With the ter­mi­na­tion of the Bri­tish Raj in Au­gust 1947, South Asia broke up into war­ring states de­ter­mined to ex­ac­er­bate each other’s in­ter­nal prob­lems even as they failed to cope ef­fec­tively with their own. Since 1947, the gen­eral tra­jec­tory of South Asia is to­wards greater po­lit­i­cal and ad­min­is­tra­tive chaos set against the back­drop of un­sus­tain­able and un­con­trol­lable de­mo­graphic pres­sure. To some ex­tent, the in­sti­tu­tional legacy of the Bri­tish Raj has mit­i­gated the sever­ity of the re­turn to ar­bi­trari­ness and chaos in In­dia. In Pak­istan, how­ever, the sit­u­a­tion is con­sid­er­ably more grim and re­flects the South Asian pat­tern of chaos spread­ing from the out­most re­gions as the cen­ter goes un­der, some­what like a chap­pati be­ing eaten from its edges. For Pak­istan, there are, in this broader con­text, three pos­si­ble sce­nar­ios.

The first, which is al­ready upon us in many re­spects, is that the state ceases to ex­ist as a means of im­prov­ing the lives of its cit­i­zens and de­liv­er­ing pub­lic ser­vices. In this sce­nario an un­sta­ble po­lit­i­cal sys­tem ex­hibit­ing high lev­els of corruption and mis­man­age- ment may con­tinue to pre­side over a so­ci­ety in which pub­lic ser­vices are steadily break­ing down. The rich will be able to move into gated com­mu­ni­ties, hire pri­vate se­cu­rity, pro­duce their own util­i­ties, and send their chil­dren and sur­plus cap­i­tal abroad. The rest will stew in their own juices with­out elec­tric­ity, gas, wa­ter, law and or­der, qual­ity ed­u­ca­tion/health care, but with mo­bile phones and tele­vi­sions to com­mu­ni­cate and heighten their per­cep­tion of de­pri­va­tion. The state will not, how­ever, have the ad­min­is­tra­tive ca­pa­bil­ity to re­spond to this de­pri­va­tion, no mat­ter how many times civil so­ci­ety stages demos or peo­ple burst into protest. This can be called the nom­i­nal state sce­nario.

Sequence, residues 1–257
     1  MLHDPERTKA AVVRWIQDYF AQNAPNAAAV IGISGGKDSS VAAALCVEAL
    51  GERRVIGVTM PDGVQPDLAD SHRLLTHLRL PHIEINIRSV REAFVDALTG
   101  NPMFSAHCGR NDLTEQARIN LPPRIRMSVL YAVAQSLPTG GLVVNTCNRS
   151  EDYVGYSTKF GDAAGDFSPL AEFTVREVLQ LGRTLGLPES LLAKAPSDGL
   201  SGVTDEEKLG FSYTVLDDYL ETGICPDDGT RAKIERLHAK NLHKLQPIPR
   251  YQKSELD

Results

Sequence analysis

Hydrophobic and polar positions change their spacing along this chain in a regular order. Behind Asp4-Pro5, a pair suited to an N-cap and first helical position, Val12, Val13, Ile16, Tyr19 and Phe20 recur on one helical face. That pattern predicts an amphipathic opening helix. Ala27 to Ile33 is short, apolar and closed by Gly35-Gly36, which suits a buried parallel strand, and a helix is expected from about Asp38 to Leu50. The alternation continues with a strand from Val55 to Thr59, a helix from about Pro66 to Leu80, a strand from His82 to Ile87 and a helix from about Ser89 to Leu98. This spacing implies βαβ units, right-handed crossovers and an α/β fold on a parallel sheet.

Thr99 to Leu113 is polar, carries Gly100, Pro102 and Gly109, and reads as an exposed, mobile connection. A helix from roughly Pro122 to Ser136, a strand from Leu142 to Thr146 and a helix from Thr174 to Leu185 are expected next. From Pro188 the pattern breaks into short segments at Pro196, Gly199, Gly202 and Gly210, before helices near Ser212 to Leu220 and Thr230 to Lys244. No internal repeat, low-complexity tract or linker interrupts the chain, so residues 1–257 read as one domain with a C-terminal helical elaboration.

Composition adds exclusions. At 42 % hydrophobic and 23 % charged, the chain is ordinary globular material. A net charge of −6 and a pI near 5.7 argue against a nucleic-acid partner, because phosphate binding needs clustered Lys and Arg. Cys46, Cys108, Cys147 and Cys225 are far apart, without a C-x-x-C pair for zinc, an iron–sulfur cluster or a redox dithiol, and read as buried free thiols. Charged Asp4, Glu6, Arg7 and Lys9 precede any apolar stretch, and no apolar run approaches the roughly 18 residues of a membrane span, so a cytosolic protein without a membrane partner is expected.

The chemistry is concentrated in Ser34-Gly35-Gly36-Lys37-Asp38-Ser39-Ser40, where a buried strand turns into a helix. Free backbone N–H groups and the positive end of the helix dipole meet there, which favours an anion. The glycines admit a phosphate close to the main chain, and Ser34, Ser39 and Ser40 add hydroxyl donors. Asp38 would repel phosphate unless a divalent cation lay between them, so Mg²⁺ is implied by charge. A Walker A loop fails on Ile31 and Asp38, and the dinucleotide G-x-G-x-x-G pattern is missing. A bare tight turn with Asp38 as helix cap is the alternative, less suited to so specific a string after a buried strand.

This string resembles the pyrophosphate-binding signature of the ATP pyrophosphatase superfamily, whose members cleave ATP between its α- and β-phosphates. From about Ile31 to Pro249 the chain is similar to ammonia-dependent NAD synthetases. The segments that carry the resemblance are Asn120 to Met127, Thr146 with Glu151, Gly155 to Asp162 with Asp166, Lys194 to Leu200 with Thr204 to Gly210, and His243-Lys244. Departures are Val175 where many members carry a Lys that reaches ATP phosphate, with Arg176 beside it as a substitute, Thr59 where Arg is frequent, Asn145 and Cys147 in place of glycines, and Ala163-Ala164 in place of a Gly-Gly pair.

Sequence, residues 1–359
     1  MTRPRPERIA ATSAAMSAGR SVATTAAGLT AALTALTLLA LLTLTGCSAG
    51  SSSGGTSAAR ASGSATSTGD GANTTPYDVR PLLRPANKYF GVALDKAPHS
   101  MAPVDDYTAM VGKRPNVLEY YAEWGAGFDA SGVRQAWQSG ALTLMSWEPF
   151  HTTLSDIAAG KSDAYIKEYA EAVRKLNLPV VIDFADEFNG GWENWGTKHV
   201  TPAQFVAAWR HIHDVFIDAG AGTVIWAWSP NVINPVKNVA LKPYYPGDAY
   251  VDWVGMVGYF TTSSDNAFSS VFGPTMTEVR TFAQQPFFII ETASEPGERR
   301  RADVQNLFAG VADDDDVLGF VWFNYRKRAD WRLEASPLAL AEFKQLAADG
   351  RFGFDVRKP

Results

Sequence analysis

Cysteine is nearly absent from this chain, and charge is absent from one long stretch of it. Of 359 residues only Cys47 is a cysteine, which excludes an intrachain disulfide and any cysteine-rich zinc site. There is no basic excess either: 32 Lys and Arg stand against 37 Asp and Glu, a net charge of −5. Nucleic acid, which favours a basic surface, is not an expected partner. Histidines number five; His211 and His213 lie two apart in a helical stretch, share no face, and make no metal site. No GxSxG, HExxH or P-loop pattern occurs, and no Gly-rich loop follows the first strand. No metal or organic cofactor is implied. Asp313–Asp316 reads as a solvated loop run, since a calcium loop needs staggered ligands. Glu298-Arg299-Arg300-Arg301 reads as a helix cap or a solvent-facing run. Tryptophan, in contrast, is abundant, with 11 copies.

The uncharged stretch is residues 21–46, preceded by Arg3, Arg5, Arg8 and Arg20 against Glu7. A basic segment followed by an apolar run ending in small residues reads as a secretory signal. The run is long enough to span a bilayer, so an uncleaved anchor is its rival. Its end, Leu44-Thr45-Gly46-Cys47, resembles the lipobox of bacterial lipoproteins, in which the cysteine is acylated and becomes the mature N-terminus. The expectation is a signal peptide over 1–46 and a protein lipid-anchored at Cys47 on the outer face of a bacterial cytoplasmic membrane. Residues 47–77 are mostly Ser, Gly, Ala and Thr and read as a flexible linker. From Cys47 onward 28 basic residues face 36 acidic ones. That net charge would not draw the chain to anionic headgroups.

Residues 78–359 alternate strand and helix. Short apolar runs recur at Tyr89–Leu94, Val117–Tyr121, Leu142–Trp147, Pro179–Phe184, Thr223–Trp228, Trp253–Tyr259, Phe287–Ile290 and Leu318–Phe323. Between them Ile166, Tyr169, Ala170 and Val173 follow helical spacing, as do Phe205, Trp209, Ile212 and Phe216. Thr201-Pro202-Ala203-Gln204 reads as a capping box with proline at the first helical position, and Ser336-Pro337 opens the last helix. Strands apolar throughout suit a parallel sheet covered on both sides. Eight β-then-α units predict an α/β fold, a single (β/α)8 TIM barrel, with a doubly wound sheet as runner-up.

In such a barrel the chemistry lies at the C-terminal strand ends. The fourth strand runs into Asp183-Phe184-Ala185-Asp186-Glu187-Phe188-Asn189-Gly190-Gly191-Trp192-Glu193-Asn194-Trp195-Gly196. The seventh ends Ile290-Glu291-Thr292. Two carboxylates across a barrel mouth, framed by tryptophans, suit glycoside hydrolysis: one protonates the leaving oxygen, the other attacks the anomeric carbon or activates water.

The sec­ond, which is not yet upon us but may ma­te­ri­al­ize in the next 5-15 years, is that the state ma­chin­ery breaks down and the coun­try de­scends into crim­i­nal an­ar­chy with lo­cal mafias and sec­tar­ian fa­nat­ics carv­ing out their own spheres of in­flu­ence (a con­di­tion re­ferred to as parakan­deh-shahi in the Per­sian po­lit­i­cal tra­di­tion). Pak­istan will con­tinue to ex­ist as a car­to­graphic and diplo­matic re­al­ity but its ad­min­is­tra­tive writ will cease to op­er­ate ex­cept for the can­ton­ment ar­eas and a few other key re­gions. In this sce­nario the for­tunes of the state might be re­vived by in­ter­ven­tion from two sources, to­gether or sep­a­rately. One is that a mil­i­tary sav­ior emerges and pur­sues sal­va­tion by the sword. The other is that the most mo­ti­vated el­e­ments in Pak­istani so­ci­ety, the re­li­gious fun­da­men­tal­ists, over­come their mu­tual dif­fer­ences, and fill the vac­uum. This fu­ture can be called the no­tional state sce­nario.